and procedures that address technology as well as business processes, train, monitor your
service providers, and continually revolve back to evaluate and adjust your program on an
ongoing basis.”45

It is also important to remember that privacy is not the responsibility of one division, de-
partment, branch, manager or executive. All organizations, both public and private, need
to implement a multi-purpose privacy team made up of members from across the entire
spectrum of the organization. You need to develop a culture of privacy. Privacy is more
than just an organizational contingency, it is a mindset — a way of thinking. Remember
that while technology may look good, your customers don’t interact with your technology.
It will always be organizational behaviour that gains the trust of consumers.

Fair Information Practices
The comprehensive management and systemic approaches of privacy are evident in a basic
set of principles called Fair Information Practices that form the foundation of all privacy laws
and policies. In Canada, the 10 principles contained in the Canadian Standards Association
Model Code for the Protection of Personal Information46 are as follows:

   • Accountability – an organization is responsible for personal information under
     its control and shall designate someone who is accountable for the organization’s

Without basic accountability, there is little possibility of learning about security breaches,
and no chance of taking appropriate remedial actions. A big part of the spam, phishing,
pharming, and spyware problems, is the difficulty in establishing the source of the originator
and holding them accountable.

“It’s really only because of the California law that we now know,” noted U.S. Senator D.
Feinstein, sponsor of a federal data breach notification bill that would “require any agency or
company that collects personal information to notify potential victims of identity theft when

a security breach is discovered; impose a fine of up to $50,000 per day for each day that a
company fails to notify victims about unauthorised access to personal information.”47

Tyler Hamilton, a renowned author and columnist on technology and the law, noted that
“forcing companies to disclose privacy breaches right away gives victims a chance to fight
back within a reasonable time.”48

The presence of an accountable privacy officer provides an avenue for victims to seek cor-
rection to mistakes and errors and, in general, to seek redress.

   • Identifying Purposes – the purpose for which personal information is collected
     shall be identified by the organization at or before the time of collection.

The practice of indiscriminately and excessively collecting personal information, on the
theory that stockpiling the data is cheap and may yield new insights that would become
valuable someday, will be increasingly called into question. Collecting more information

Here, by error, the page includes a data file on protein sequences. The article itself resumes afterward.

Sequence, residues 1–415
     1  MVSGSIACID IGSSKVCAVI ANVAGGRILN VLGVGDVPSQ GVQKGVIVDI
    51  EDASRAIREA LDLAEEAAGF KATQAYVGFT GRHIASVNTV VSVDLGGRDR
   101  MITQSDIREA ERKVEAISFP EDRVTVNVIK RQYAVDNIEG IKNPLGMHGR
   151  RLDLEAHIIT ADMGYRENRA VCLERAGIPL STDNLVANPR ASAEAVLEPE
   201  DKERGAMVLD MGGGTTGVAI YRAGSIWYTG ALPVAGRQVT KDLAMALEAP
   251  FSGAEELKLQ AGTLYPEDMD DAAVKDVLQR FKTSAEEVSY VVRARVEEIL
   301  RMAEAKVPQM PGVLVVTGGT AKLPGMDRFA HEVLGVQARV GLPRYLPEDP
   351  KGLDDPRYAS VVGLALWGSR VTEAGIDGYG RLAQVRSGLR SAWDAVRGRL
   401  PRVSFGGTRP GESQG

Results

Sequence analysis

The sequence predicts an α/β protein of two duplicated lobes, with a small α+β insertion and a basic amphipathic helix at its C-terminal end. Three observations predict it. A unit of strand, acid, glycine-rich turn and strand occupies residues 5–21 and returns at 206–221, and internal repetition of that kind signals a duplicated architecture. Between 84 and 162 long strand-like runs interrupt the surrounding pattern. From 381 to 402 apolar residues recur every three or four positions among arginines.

than you need may, and in the future, will most likely expose your organization to greater
liability and risk.

Strong privacy practices help to discipline the collection of personal information at the very
start of the information lifecycle by requiring purposes to be specified in advance. If the
purposes are clearly stated and made known to the individual at the time of the collection,
that leads to a stronger basis for “choice” and “consent.”

In addition, overly broad purposes such as “to improve customer service,” or “to ensure
security,” will need to be justified in greater detail, particularly when a breach has occurred
and questions of informed consent are raised.

   • Limiting Collection – the collection of personal information shall be limited to
     that which is necessary for the purposes identified, and collected by fair and lawful

On the general theory that “more data is better,” indiscriminate and excessive collection of
personal information by organizations is a disturbing trend. But the more information that
is collected, the greater the chances that some of it will be inaccurate and out of date. De-
pending on where the data came from and how it was acquired, there is a greater likelihood
that it may have been collected by unlawful means – exposing firms to charges of deceptive
business practices and breaches of contract. Further, collecting more information than is
necessary for specified purposes may aggravate customers, and result in a loss of business.

   • Limiting Use, Disclosure, and Retention – Personal information shall not be used
     or disclosed for purposes other than those for which it was collected, and shall be
     retained only as long as necessary for the fulfillment of those purposes.

Unauthorized disclosures and secondary uses of personal information stored in large data-
bases is in many cases the central problem contributing to identity theft.

The solution to this problem is to minimize your risk and liability by limiting not just the
collection, but the use, disclosure and retention of personal information in the care and
custody of the host organization.

This can be relatively straightforward as in deciding not to collect personally identifiable
information in the first place, or deciding to configure cash register receipts to mask or
truncate portions of credit or debit card numbers on printouts. It might mean configuring
internal networks and software clients to withhold or mask the transmission, or display
of sensitive and unnecessary fields such as driver’s licence numbers, to frontline customer
relations staff.

If the purpose of collecting sensitive personal data from the customer is to carry out a credit
check to assess their creditworthiness, then there may be little need to retain this data once